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ACT Award Opens New Environmental Perspectives for Caltech Student

This past September was an exciting time of travel and networking as I met people from all over the world who are enthusiastic and passionate about climate change and sustainable development.

As part of my ACT Award, I attended The Global Climate Action Summit (GCAS) that took place in San Francisco, CA from September 12 to 14, 2018. Mayors and state leaders from hundreds of regions all over the world, business leaders, and policy makers all gathered in the city to discuss how to better address current climate issues and to reach the emission and temperature goals set by the Paris Agreement. I applied to be a volunteer for this event through California Volunteers, where I met people of different occupations and backgrounds who also care about climate issues. The plenary speeches and platform discussions that I attended mainly focused on current policies and efforts that are made to reduce greenhouse gas emissions and to limit the global temperature rise to below 2°C.

Stephanie attending the Climate Innovation Showcase at the GCAS in New York

To further my knowledge of climate issues, I attended a second summit – The Climate Week NYC (CWNYC). This event was a week-long summit hosted by the Climate Group in NYC during the week of 24-30 September that coincided with the meeting of the United Nations General Assembly. The target audience for the CWNYC was more diverse compared to the GCAS. In addition to political and business leaders; participants such as NGOs, research institutes, and individual activists also took part in the many CWNYC programs.

During the week, organizations and businesses held hundreds of events covering a broad range of environmental topics. I attended panel discussions held by the Columbia Law School and Columbia Center on Sustainable Investment, discussions on environment litigation, exhibitions held by NGOs on the worldwide efforts to fight against climate problems, and an event hosted by Cornell Institute for Climate Smart Solutions. The Cornell event emphasized the involvement of the scientific and academic communities in addressing environmental concerns through a discussion panel hosted by J. P. Morgan Chase & CO. on sustainable development in big ventures and industries.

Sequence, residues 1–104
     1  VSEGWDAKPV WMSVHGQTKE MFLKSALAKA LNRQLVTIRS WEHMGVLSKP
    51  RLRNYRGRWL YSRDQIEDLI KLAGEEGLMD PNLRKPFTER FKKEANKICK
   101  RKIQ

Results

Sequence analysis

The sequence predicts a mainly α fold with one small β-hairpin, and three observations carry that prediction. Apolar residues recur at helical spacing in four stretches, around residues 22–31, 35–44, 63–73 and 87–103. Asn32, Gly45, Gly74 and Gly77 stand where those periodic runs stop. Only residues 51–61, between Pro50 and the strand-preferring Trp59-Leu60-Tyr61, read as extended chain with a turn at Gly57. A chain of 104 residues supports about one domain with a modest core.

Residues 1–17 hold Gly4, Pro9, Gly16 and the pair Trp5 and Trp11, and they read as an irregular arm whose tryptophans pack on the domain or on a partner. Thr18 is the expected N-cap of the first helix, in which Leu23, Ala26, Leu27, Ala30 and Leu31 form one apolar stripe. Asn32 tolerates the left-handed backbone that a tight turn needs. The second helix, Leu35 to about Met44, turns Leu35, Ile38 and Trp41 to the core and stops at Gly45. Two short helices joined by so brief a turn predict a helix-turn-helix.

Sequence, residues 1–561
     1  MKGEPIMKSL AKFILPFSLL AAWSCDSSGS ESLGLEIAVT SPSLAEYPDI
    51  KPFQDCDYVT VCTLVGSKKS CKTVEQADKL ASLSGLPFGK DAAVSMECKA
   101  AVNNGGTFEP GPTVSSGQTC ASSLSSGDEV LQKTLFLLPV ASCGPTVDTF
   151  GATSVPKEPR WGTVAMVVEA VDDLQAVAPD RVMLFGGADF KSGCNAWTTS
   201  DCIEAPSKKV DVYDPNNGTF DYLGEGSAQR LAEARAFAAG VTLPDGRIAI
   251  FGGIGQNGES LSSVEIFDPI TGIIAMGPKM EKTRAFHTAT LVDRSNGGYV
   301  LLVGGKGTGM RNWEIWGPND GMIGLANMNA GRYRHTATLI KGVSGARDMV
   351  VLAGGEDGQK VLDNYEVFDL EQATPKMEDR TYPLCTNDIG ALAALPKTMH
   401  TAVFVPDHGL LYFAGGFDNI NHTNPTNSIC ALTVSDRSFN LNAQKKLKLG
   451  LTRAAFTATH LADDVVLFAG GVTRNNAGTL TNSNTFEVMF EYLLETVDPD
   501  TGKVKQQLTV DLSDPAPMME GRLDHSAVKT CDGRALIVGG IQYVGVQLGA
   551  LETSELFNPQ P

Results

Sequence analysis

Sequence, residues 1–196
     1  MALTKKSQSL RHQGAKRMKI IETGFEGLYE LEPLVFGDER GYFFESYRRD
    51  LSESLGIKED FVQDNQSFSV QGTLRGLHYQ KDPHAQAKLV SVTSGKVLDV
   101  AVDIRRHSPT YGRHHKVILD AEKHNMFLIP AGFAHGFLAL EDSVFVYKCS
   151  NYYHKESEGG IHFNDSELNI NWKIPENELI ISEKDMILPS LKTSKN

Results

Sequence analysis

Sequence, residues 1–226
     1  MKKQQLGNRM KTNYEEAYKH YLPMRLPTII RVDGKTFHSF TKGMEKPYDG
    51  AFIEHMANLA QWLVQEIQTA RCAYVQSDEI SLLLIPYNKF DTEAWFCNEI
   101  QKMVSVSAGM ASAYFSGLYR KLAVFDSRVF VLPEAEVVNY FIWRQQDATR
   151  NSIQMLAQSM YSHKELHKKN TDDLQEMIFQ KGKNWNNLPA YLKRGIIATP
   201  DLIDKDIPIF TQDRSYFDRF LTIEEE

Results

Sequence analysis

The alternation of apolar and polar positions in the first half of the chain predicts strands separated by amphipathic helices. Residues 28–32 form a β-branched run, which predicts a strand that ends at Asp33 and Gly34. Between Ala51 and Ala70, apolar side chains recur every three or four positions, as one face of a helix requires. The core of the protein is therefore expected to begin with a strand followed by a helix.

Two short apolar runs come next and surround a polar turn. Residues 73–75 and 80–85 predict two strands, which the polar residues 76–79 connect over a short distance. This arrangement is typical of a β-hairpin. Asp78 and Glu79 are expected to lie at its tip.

I wanted to attend these events with my ACT award because I often feel the resources and opportunities for students to get involved in decision-making and public advocacy for climate and environment issues are limited at Caltech, especially for international students and scholars. I feel there is a gap between scientific findings regarding these issues and public awareness. On these trips, I gained important insights from scientists and researchers on how to better communicate science and research to the general public, and how to carry research findings beyond journal publications. I’ve also made several connections with officials from the United Nations Development Programme and learned about more opportunities for Caltech to be involved in climate and environmental solutions from an international perspective. In the upcoming year, I will work closely with Caltech Y and other on or off campus resources to provide more opportunities for Caltech students who are interested in taking action on sustainability and climate issues.


The Caltech Y challenges students to grow into responsible citizens of the world. It is with this mission in mind that the Y created the Advocating Change Together (ACT) Award providing motivated Caltech students with a unique opportunity to learn about themselves and their place in society by seeking to impact the world through community engagement, activism and leadership. The ACT Award is generously funded by the Caltech Employees Federal Credit Union.


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